Curse the pragmatics for now, I just 'like' greenery and design. I want to see ecological integration as a course of technological innovation, and though GREEN is voguish right now, it's almost always how I've always thought, I want to help blur the delineation between interior/exterior (perhaps a tough thing to do in this climate, with the coils of private security tightening around public consciousness), and believe that paradise can be meted out to all in large enough increments for everyone to be involved, and thus responsible, but in small enough parcels that planning for it does not get glassy-eyed under utopiates. There's enough of a movement now to join in professionally and not struggle (like I have been - thank my kind makers for keeping me kept). And we seem to now at least have the diagnostic tools to appraise and inform a better approach to our planet, if not the economic will or tomorow's imagination (but those will be here in short order, if only for the money). Which leads me to a fairly crucial point: Not to sound like a money-grubber, but right now is also a time of speculation. Ecological values necessitate economical tenets, and so, once we're on the right path, Green "alternatives" will also be the most cost-effective... But now, well right now and over the next little while, it's going to yield a different green. So I guess I literally am a money grubber: play with dirt for cash. Oh yes.

I expressed my interest in this area to a classmate when I first met her, and she told me about a decent landscape architecture site: Pruned. I haven't fully explored it yet, but I had seen this installation in Chile before, featured in a landscaper's magazine. How classically sublime.

Since writing the paragraph above, I've dipped into Pruned even more and found that the writing's tight and the issues compelling. I saw something there that I'd heard of before, but not known much about... this post made me see more things... For the shock value found in its disturbing immediacy, there is a picture on this post that really delivers the message about the garbage centered gyres (the currented oceanic systems the sea-dwellers use to migrate) and their rapid growth.

My other friend in that class, leaning towards architecture proper, informed me of his architectural crush, Paolo Soleri who founded this multidisciplinary field experiment/tutelage center which envisioned this drawjopper.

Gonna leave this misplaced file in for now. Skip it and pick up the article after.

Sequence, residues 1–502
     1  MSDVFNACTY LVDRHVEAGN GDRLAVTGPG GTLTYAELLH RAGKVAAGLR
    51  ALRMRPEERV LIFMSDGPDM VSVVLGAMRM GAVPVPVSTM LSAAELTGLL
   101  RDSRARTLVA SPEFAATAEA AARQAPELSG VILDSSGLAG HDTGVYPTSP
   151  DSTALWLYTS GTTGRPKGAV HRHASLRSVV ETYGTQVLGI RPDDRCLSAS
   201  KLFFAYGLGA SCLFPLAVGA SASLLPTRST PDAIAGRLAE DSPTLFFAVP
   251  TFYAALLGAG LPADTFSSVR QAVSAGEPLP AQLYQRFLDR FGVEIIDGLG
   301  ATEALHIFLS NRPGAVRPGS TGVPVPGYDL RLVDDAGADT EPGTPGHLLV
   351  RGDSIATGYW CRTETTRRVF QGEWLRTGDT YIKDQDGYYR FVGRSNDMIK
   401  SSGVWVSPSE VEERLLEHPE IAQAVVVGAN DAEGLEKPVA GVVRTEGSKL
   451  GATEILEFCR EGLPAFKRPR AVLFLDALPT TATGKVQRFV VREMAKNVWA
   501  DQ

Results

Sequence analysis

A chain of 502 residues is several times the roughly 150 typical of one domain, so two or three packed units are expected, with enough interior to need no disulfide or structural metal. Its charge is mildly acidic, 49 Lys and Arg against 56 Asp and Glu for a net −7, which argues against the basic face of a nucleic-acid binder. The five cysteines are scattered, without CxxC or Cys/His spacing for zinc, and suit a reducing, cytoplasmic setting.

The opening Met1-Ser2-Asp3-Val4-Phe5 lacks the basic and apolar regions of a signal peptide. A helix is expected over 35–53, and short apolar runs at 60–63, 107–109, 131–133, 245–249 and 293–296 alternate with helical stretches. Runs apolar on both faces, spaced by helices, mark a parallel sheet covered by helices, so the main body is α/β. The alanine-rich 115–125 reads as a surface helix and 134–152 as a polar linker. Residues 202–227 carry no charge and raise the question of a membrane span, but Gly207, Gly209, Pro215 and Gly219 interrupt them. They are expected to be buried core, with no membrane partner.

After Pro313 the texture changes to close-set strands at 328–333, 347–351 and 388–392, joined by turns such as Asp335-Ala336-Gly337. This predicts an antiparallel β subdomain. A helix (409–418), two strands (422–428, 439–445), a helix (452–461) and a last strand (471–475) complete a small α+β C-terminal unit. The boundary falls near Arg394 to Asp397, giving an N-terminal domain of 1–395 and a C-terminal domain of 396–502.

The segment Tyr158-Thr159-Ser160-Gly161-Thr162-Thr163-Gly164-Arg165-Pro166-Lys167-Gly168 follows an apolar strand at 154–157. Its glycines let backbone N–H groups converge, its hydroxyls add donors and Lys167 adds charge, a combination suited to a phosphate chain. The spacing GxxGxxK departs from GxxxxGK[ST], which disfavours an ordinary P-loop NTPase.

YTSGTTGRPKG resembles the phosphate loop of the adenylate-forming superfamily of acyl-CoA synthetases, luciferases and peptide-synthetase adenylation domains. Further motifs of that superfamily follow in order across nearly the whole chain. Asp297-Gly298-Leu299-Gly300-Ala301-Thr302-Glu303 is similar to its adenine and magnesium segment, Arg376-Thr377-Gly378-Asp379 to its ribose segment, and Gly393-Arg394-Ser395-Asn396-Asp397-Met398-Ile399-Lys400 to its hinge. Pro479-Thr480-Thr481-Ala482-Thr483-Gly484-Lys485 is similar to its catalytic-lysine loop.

Monday, October 08, 2007


Nicole used to wield a quote by George Costanza's dad, Frank, who, finding that he had high blood pressure, was instructed by the cardiologist to say "serenity now".
Instead, he screamed it.

Nicole, right now, I feel the exact same way.

The trick to belief is not to notice it. It needs to be examined, of course, but the examination necessitates the suspension of the belief - and forgetting that belief is a dynamic process, will stop it all together.

As Paul Atreides says to the Bene Gesserit Reverend Mother in Dune: 'A process cannot be understood by stopping it. Understanding must move with the flow of the process, must join it and flow with it'.

But what happens when events challenge your beliefs and make them opaque? The casual individual may claim they have no beliefs, but that's because they're systemic: an augmentation of the mind, a vessel of extension... necessarily transparent. It takes but one confidence artist, but one mistaken attribution of character to make the believer pause and examine how their beliefs failed to uphold their view of the world (naught but projection of a personality to create a planet). And examination of belief, though perhaps clumsy and earnest and inexperienced, has a like form to belief itself: it is cast onto and informs the examiner of their world. And may cause them to question other things. One bad thing that interrupts a person (for belief IS that: a segment of person) can cause many more bad things to follow (a new tension of values allows a new world-scape to be envisioned).

Who's to say then that beliefs aren't the most dangerous thing we are dressed in? Maybe they should all be beaten on, cheated on, lied to, stolen from, let down, spat at, shat at, defrauded, denuded... so that real design of purpose takes their place? So our worlds are truly a process of choice, rather than a reflexive kick of seemingly inherited character projection?

But we all have vision, and we can all imagine... and in place of believing, in place of witnessing our beliefs in process, we can envision to become what we want. Maybe then we can imagine our serenity, even if we can't imagine our now.